Nile, Niger, Senegal, Orange, Limpopo, Zambezi …
As I was following the online Poetry Africa Festival from KZN, I heard Phillippa Yaa de Villiers recite her poem “Stolen Rivers”, a poem she dedicated to Chiwoniso Maraire. Like the poet, I deeply admire Chiwoniso, I find her very inspirational, and her music enchanting. I have written about her here, and now I allow myself to copy-paste the poem here (> page 2):
On my way to Magdeburg I used to pass by the signpost many times. Now it was about time to pay a visit to the paläon research museum in Schöningen (near Braunschweig). When you’re in the region, go. It’s worth it! Here are just some pictures.
Constant dripping, so the saying goes, wears away the stone. Yet, everyone who has visited a karst cave with their often astounding richness in rock formations will know otherwise: constant dripping creates the stone! Now, any speleologist (academese for cave expert) may frown over my lax use of the term “stone”. Fine, of course I mean those pillars and bumps and other formations expertly called stalagtites, stalagmites and stalagnates. Water drops, sintering through the earth and rocks that form the ceiling of a cave, containing minerals and other material, carry that material into the cave, where it slowly builds up into said formations. Talk about slowly – think tens of thousands of years, and then some.
Only one of the seeds of African Giant Calabash actually grew big enough so I could plant it in the garden. Now with a few of the fruit grown pleasantly big, it looks like I can go all industrial next year, producing truckloads of shekeres 😉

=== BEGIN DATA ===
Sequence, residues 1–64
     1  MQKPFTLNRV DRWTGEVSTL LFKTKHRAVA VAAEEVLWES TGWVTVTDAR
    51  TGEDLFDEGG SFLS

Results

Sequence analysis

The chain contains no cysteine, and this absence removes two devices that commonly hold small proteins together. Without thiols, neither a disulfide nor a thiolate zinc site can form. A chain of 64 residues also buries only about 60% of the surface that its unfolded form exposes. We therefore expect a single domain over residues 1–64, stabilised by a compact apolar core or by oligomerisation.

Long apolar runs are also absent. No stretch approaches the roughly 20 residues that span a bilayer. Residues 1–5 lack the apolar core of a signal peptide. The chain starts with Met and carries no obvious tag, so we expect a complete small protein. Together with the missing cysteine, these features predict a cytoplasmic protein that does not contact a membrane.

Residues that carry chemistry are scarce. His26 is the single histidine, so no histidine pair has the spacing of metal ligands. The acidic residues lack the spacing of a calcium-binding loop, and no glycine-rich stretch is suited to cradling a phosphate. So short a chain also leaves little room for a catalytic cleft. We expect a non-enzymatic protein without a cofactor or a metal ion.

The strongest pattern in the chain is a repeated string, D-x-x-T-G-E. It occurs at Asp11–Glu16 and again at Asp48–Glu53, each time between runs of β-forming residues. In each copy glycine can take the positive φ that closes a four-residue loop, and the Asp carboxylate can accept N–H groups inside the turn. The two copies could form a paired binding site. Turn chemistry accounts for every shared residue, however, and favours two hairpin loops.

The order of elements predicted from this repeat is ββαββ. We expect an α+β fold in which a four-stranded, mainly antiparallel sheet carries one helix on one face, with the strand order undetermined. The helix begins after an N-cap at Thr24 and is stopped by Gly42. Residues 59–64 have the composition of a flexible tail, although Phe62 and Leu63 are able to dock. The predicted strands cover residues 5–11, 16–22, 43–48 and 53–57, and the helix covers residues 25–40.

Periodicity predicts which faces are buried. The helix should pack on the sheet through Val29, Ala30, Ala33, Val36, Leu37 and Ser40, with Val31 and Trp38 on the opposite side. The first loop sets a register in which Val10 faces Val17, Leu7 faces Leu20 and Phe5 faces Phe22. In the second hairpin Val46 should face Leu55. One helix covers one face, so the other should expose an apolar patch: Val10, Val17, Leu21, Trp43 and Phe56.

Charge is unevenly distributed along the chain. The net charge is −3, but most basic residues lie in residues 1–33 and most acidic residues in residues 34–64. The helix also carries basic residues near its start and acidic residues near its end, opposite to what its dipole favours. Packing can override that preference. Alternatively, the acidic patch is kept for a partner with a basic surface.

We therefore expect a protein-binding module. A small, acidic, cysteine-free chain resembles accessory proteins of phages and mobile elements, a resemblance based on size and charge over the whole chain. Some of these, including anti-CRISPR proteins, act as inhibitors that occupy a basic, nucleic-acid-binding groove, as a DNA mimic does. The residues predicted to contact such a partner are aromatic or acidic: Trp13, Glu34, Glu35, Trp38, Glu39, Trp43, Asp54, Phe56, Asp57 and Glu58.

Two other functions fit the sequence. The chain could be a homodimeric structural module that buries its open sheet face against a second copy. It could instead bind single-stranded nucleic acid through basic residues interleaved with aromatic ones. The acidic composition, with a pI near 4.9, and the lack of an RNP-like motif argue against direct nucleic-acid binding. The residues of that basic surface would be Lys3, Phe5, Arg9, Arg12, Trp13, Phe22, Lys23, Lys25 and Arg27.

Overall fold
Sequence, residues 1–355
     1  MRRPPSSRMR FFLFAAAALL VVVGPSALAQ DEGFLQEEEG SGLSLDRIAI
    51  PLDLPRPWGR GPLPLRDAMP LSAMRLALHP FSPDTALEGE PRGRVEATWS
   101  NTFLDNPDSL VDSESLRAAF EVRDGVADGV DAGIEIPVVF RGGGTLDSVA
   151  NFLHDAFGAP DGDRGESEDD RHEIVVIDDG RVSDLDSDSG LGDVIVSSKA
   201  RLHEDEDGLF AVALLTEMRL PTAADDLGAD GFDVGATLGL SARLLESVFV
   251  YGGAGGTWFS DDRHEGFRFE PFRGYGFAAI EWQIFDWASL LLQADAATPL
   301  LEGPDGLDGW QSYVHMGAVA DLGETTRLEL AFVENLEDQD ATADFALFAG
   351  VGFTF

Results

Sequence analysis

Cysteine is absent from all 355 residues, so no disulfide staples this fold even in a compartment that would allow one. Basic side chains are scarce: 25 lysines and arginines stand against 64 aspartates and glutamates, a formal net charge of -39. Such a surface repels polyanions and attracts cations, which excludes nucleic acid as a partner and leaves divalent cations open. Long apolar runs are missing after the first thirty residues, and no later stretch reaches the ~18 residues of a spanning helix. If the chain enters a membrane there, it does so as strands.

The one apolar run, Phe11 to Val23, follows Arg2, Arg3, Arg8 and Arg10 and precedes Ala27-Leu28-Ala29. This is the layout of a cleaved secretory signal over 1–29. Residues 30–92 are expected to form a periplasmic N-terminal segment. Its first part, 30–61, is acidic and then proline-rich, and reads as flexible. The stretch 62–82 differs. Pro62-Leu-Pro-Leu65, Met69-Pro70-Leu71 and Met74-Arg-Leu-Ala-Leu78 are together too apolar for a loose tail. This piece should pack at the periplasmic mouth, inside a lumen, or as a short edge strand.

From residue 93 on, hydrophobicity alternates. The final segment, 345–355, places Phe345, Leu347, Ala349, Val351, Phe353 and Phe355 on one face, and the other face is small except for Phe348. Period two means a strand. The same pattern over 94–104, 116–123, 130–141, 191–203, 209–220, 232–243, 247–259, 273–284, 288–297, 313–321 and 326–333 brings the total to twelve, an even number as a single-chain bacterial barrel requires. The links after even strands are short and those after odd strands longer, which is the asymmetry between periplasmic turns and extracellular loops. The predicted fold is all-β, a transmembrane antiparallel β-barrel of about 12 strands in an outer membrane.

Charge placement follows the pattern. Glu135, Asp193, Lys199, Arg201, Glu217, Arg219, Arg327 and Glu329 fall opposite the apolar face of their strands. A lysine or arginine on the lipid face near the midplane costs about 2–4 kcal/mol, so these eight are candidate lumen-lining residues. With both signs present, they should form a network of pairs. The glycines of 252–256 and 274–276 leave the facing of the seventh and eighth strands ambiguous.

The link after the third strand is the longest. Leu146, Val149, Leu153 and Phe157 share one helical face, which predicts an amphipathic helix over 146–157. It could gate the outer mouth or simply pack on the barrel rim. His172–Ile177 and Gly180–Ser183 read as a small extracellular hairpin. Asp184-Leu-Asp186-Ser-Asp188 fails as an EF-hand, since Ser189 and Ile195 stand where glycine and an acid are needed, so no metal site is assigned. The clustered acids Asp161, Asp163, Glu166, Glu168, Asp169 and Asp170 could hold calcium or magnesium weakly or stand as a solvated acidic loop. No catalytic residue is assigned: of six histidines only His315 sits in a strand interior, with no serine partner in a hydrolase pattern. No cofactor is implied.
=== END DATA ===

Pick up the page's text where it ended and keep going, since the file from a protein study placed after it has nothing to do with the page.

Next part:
This is my second trip to Malawi this year. I arrive in a time of political unrest following the elections in May. Leaders of the opposition parties have alleged that there were massive irregularities and that Mutharika is the “tipp-ex president”. Lilongwe, Blantyre and other places have been the scenes of massive demonstrations which sometimes turned violent, including lootings and mob violence, and as of late the police and army forces are using live ammunition. Driving through town wasn’t always easy therefore, since you better avoid the demonstrations as the protestors do not always clearly discriminate between who to attack. Or would the police? Anyway, we stayed clear of them as best as we could.
Goethe, Germany’s “bard” and “national poet” forever, has his most famous character Faust make an Easter walk. Upon leaving Magdeburg, I felt I should follow suit. Some of the action in Faust is set in the Harz mountain range, and since it happens to be right in the middle of a bee’s line from Magdeburg to Göttingen, my home of over six years now, I went there and walked all the way up tp the summit of the Brocken, at 1141m northern Germany’s highest peak.